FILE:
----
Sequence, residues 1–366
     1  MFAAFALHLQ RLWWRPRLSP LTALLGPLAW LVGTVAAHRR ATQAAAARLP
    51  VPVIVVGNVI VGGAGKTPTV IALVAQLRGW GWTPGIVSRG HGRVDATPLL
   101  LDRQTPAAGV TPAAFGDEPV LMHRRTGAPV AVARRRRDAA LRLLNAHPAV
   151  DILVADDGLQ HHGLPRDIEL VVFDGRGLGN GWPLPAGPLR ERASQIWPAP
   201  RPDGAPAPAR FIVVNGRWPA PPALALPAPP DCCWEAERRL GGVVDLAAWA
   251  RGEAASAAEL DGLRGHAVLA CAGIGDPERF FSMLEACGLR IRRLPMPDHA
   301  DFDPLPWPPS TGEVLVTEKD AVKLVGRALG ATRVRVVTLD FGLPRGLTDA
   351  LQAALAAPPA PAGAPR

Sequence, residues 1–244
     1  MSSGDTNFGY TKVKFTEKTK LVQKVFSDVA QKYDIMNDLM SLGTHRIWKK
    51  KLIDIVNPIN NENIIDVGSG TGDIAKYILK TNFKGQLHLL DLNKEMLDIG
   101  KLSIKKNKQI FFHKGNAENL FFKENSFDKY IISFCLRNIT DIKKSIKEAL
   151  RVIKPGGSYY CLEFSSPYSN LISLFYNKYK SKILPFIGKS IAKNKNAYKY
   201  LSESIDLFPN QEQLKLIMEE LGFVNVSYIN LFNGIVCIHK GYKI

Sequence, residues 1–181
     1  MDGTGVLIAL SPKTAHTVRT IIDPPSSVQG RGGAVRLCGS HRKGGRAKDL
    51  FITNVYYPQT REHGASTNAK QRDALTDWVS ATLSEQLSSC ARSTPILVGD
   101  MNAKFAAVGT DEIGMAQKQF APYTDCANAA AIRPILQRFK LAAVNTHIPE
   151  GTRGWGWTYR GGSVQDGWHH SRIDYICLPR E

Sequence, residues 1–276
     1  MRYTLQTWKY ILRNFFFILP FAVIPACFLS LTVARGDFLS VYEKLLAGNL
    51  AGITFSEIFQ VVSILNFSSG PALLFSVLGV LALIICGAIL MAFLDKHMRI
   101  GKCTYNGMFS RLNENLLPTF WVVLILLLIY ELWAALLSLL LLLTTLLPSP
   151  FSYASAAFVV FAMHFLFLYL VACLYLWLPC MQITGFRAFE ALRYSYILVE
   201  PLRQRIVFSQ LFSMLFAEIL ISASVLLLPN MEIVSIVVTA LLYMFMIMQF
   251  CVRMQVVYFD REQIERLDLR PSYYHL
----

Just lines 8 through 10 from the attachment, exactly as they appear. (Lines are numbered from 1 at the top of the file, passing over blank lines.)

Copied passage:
   301  DFDPLPWPPS TGEVLVTEKD AVKLVGRALG ATRVRVVTLD FGLPRGLTDA
   351  LQAALAAPPA PAGAPR

Sequence, residues 1–244